A Crowdfunding project in the name of “Banana Fund,” has been convicted by the US government to be a Ponzi scheme, that has scammed hundreds and thousands of Bitcoins & Tether from a large number of investors.
Accordingly, a lawsuit was filed on July 29, in the US district court, after the unnamed administrator of the crowdfunding project allegedly admitted to the investors that his project had flopped, and then promising them to return $1.7 million but ultimately failing to do so.
The US DOJ (Department of Justice), thus seized crypto funds mostly in Bitcoin & Tether amounting to $6.5 million from the administrator after the complaint about forfeiture of the funds were filed by the DOJ. As per the detailed investigation carried on by the USSS (US Secret Services), the administrator is an unnamed foreign national, who used the platform as a market abetment for startup companies for posting their business proposals.
Every entrepreneur’s project was funded by the crowd during their ICO with a percentage of the fund raised going to the Banana Fund; this way, he accumulates over 500 BTC and then used the laundered funds for self-enrichment.
If reports are to be believed, the administrator made thousands of currencies by trading and even used the gains for buying a lavish home. He kept on bullying the investors for almost two years from December 2016 to March 2018, by giving them false hopes of opening the Banana Fund for business.
Then in January 2018, he informed his investors officially about the alleged collapse of the fund but kept on showing false concern about recovering the lost funds and returning them to the investors. Soon after, he withdrew around 100 bitcoins from the Banana Fund and never returned them to the investors.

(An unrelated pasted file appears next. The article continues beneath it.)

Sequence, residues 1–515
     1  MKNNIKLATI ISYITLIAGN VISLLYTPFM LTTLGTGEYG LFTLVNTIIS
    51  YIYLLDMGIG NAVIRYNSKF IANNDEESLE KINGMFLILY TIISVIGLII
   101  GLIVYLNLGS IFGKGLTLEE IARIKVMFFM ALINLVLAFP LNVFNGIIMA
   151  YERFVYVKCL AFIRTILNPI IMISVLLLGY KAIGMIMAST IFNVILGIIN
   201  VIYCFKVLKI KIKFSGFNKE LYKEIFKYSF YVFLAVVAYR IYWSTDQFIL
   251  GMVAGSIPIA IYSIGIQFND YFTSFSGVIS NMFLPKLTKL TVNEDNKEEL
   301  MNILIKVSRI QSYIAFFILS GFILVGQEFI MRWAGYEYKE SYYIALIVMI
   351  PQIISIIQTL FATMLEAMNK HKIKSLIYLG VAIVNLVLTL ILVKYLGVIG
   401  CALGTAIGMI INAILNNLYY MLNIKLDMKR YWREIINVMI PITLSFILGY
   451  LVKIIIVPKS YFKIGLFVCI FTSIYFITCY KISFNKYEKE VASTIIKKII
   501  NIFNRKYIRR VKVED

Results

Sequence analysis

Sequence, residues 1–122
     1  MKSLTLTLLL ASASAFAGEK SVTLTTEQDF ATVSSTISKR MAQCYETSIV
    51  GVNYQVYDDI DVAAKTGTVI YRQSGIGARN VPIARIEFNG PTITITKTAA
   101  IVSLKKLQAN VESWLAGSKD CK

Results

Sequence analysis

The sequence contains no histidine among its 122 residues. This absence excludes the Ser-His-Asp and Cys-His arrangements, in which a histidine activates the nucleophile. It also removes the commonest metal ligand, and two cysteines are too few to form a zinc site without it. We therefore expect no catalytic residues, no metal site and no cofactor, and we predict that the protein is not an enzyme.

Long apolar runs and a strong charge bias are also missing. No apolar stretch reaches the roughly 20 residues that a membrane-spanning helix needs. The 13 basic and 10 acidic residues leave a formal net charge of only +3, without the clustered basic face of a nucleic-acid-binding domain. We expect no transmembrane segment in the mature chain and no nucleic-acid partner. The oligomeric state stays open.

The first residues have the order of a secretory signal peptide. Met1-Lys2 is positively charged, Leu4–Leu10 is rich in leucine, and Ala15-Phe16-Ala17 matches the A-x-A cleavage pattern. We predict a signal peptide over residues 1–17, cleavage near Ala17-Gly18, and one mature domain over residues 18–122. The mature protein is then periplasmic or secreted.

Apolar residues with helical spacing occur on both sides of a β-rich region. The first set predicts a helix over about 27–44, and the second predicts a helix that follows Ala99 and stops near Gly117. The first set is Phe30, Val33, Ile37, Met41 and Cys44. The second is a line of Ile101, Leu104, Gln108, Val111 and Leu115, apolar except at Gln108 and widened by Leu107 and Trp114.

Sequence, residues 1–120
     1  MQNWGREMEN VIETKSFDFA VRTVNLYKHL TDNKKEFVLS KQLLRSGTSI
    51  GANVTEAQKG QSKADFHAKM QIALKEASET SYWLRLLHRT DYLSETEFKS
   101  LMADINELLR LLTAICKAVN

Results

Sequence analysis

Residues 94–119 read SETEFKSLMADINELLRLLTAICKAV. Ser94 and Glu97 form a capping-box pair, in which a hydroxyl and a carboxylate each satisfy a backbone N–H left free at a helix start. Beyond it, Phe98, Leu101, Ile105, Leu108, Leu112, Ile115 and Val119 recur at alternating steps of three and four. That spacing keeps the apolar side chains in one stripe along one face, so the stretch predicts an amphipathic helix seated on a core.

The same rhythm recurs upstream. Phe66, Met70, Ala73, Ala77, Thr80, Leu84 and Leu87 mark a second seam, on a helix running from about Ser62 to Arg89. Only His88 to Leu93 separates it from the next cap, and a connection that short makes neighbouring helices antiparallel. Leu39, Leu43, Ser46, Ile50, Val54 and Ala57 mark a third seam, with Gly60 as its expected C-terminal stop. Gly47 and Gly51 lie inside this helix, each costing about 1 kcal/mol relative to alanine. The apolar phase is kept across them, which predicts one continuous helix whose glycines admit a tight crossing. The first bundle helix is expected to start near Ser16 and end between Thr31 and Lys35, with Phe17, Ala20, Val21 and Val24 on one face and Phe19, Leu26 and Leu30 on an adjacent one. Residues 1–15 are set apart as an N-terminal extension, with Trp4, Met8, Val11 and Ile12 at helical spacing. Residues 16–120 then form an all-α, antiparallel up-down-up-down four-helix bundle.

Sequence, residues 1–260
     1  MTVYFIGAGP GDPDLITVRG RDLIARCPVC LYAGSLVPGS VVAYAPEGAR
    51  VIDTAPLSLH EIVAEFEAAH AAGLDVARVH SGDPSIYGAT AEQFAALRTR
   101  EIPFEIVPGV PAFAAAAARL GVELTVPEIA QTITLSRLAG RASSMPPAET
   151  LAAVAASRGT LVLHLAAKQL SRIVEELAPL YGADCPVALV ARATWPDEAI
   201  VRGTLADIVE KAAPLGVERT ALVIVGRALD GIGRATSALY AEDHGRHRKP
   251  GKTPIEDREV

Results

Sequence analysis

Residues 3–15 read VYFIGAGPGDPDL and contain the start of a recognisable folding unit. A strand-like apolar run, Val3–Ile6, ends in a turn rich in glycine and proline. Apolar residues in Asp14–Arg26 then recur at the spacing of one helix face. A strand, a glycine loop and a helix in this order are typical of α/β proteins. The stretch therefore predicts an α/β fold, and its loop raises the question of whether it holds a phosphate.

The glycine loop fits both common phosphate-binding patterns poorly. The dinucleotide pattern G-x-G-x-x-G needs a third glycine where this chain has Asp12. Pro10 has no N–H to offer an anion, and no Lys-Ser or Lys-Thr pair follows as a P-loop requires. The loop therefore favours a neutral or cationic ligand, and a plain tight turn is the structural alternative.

This was when the investors realized that the Banana Fund is a fraud and eventually lodged a complaint on July 29, 2020, in the U.S. District Court for the District of Columbia, soon after which the USSS began the investigation. The US government appointed the Acting US Attorney Michael R. Sherwin and Special Agent in Charge of the USSS San Francisco, Thomas Edwards, to investigate the matter.
The investors contributed their investments to the Banana Fund, which never became operational. As per the complaint, the administrator who is a British national who operated in the name of Richard Matthew John O’Neill alias “Jo Cook,” also publicly announced that investor funds had reached 557 bitcoins and around 1.73 million USDT approximately, out of which the USSS investigators were able to locate only 482 Bitcoins and 1,721,868 Tether that collectively worth $6.5 million.
It is not very clear how long the investigation went on. Still, Thomas Edward said that despite the cybercriminals using sophisticated techniques to dupe investors, they could not escape the US law enforcement agencies, and this Banana Fund case is a classic example of that.